L12 - Spring 2004 L12 Lecture 12 Governance of Post-97 SAR...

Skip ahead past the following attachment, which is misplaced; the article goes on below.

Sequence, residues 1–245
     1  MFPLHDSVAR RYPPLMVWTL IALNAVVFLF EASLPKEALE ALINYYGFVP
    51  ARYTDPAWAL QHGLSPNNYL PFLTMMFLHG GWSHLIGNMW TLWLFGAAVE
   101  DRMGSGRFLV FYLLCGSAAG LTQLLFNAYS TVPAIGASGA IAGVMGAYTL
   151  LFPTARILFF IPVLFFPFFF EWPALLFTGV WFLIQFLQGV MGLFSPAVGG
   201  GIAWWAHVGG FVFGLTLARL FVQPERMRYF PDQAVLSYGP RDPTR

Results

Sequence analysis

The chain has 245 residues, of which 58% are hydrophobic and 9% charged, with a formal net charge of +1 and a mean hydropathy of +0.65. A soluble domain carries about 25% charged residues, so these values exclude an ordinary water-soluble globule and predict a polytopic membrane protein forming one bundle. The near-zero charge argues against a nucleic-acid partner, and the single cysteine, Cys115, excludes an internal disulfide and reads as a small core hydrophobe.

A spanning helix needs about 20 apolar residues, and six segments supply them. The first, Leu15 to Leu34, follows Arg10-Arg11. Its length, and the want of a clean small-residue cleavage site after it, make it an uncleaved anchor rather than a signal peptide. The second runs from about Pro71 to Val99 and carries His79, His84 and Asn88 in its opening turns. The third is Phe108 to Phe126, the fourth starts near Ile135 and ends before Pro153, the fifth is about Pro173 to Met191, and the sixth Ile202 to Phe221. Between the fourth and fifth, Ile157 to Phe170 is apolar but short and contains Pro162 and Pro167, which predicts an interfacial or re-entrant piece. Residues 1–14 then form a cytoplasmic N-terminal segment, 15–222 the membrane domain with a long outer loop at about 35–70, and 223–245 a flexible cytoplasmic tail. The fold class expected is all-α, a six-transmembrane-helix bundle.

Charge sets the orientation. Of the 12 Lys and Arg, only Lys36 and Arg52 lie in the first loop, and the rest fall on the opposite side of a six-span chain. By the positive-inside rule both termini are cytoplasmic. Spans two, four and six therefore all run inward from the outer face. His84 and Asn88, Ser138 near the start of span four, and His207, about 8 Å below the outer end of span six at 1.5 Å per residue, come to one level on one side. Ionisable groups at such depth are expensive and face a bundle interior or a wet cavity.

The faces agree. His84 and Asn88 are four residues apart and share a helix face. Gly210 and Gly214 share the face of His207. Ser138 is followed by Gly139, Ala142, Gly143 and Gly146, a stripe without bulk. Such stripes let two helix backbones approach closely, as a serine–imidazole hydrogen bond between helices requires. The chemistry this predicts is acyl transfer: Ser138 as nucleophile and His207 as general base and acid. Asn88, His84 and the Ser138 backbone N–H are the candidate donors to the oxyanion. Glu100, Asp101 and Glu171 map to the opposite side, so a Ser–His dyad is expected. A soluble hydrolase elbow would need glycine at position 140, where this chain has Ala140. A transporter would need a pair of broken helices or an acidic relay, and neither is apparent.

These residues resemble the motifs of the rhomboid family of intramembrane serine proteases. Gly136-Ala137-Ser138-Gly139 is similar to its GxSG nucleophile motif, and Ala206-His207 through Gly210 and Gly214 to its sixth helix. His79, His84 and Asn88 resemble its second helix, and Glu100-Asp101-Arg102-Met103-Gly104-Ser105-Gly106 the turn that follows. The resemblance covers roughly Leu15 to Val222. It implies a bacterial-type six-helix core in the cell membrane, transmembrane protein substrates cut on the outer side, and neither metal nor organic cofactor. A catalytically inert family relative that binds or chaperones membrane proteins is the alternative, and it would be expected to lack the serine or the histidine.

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Unformatted text preview: Spring 2004 L12 Lecture 12 Governance of Post-97 SAR (II) The SAR Governance Crisis (A) Some Special Features of the Governing Crisis (1) When Tung was elected in December 1996, he had very high approval ratings. He was well received as a kind, old-styled, fatherly-like figure, though conservative. But his popularity dropped continuously afterwards. (2) The whole SAR govt has a better approval rating than Tung, while some other officials (e.g., Anson Chan, Donald Tsang) could have quite good approval ratings. (3) The govt or the CE controls a lot of power: appointment powers, majority support in the Legco, and exercises more and more control over the society. Yet the govt still suffers from a lack of public support. (B) Institutional Roots (1) The undemocratic nature of the CE election means that the CE has an inherent legitimacy problem. He has to rely on good government and economic performance to maintain his legitimacy. (2) With the Selection Committee and Election Committee weighted in favor of the business sector, the public has the perception that the SAR govt’s policy favored the large businesses too much. The high-profile support of the Beijing leaders during Tung’s second term made people think that he can have a second term only because of the support from Beijing. (3) The SAR political system copied the basic logic of the colonial system and tried to rely on civil servants and non-party politicians to handle political matters. It neglected the fact that the urge for political participation has increased, and the society has become more pluralized. The executive-dominant system proved illequipped to adapt to rising demands from the citizens, the media and the politicians. The system does not have enough channels to absorb public opinion into the decision-making process. (4) Tung does not have a political party—or the political system abhors a ruling party in Hong Kong. This makes it difficult to form a coherent ruling team, and 1 Spring 2004 L12 difficult to recruit political talents into the govt. On the whole the system is not good at producing political talents due to its non-open nature. (C) Constraints and Difficult Environments (1) The choice of the CE, whoever it is, cannot have too close a relationship with the colonial govt because of Chinese suspicion of the British govt., especially after the Sino-British fallout over the Patten reform. It pre-determines that the CE will be a newcomer who did not have a lot of experience with the govt. before 1997. (2) The acceptability of China poses constraints on CE’s policy. On issues like democratization, press freedom, human rights or Falun Gong, the CE has to play a tone that placates China, which may hurt his image at times. Other senior officials may have more liberty to play more liberal tones. (3) The Asian economic crisis, and the subsequent economic recession in Hong Kong, disabled the govt in gaining legitimacy by economic performance. This spoiled the original plan by 1997. (4) Business opposition to increased welfare and taxes, and the constraints from the Basic Law, means that it is unlikely for the govt to spend much money to improve the welfare of the lower class. After 1998, the budget deficit made it even more unlikely that the govt will spend much on social welfare. Inability to raise new taxes sometimes drove the govt to cut back on welfare expenses, push civil service and other money-saving reforms which entail criticisms from interest groups. Problems with Strategy Put too many things onto the agenda. Tung tried to solve too many problems at one time after the economic crisis sets in. Yet putting too many things on the agenda disables the govt to achieve something concrete. It also creates the impression that the govt just talks and does not have real achievements. The govt provided very few short-term solutions to solve the immediate difficulty of those affected by the recession. Instead, Tung suggested a series of long-term plans in his policy speeches of 1998 and 1999. This did not earn a lot of sympathy from the public and gave public the impression that the govt was not sensitive to people’s problems and needs. 2 Spring 2004 L12 In some controversial events, the govt waged public opinion campaigns that succeeded in earning public support to govt policy on that issue, but at the same time alienated some major groups in society. For example, by manipulating figures and arousing the hostility towards new immigrants, the govt gained majority public opinion support over the reinterpretation of Basic Law. But the new immigrants, social workers, legal profession were all angry. The cutting of CSSA won majority public opinion support, but it led to dissatisfaction among those who were in need, and the social service sector. It also added to the hostility and division among various social groups in society. In face of controversial events or public opposition, the govt would mobilize the support of sympathetic groups (e.g., pro-China community groups) to counter opposition opinion and justify their own policy. This led to increased division and hostility within society (e.g., the (first) reinterpretation of the Basic Law, the Article 23 debate).. It sometimes made people think that the govt was not willing to listen to opposition opinion, which drove away friendly criticisms. To justify reforms, the SAR govt sometimes started by criticizing the existing practitioners (e.g., education and civil service reforms). This offended the practitioners and made it even harder for the reforms to succeed. Problems with Specific Policies (1) The housing policy of 85,000 flats per year in 1997 was seen as the chief reason for the collapse of the property market, leading to complaints from many middleclass household owners. Inconsistent housing policy, with the public perceiving that the real estate sector dominated decision-making, also did not help the govt. (2) The policy of the SAR govt. is seen as pro-business and politically conservative, which failed to earn support from certain sectors of the population (e.g., prodemocracy supporters and lower class people). (3) Drastic reforms in many social service sectors, including the Civil Service Reform, education reform (e.g., language proficiency test (語文基準試), and other reforms touched on the interests of many professional sectors. (4) Numerous administrative mistakes since 1997 destroyed the myth that HK’s civil service is efficient and effective. Bird flu, the opening of airport, medical blunders, problems with public housing, the handling of SARS, Harbor Fest, etc.. 3 Spring 2004 L12 Problems with Tung’s Style (1) Tung was a political novice who had very little public administration or political experience before 1997. This means he does not have very good political skills, media skills, and experience in dealing with political parties, interest groups, and even civil servants. Sometimes he does not understand the ethos of public service (e.g., SY Chung’s birthday party, his own driver, etc.) and may make mistakes that hurt his image. (2) Ideologically and culturally, Tung seems to have a big gap with the mainstream culture of HK, especially out-of-touch with the younger generation. Some of his nationalist sentiments and slogans were not well echoed within the local community. (3) Tung and some SAR officials did not show that they have an open attitude towards public opinion. There are fewer consultations with public after 1997. Cases of tough control against demonstrators give people the image that the SAR govt will curb the opposition. This alienates friendly critics and led to increased polarization within society. (4) Various events (e.g., Robert Chung incident (鍾庭耀事件), “Lexusgate”, SARS) gave people the impression that Tung would protect his subordinates/friends at the expense of public interest. Events such as the Cyberport (數碼港) also smell of favoritism, which tarnished the moral image of Tung. 4 ...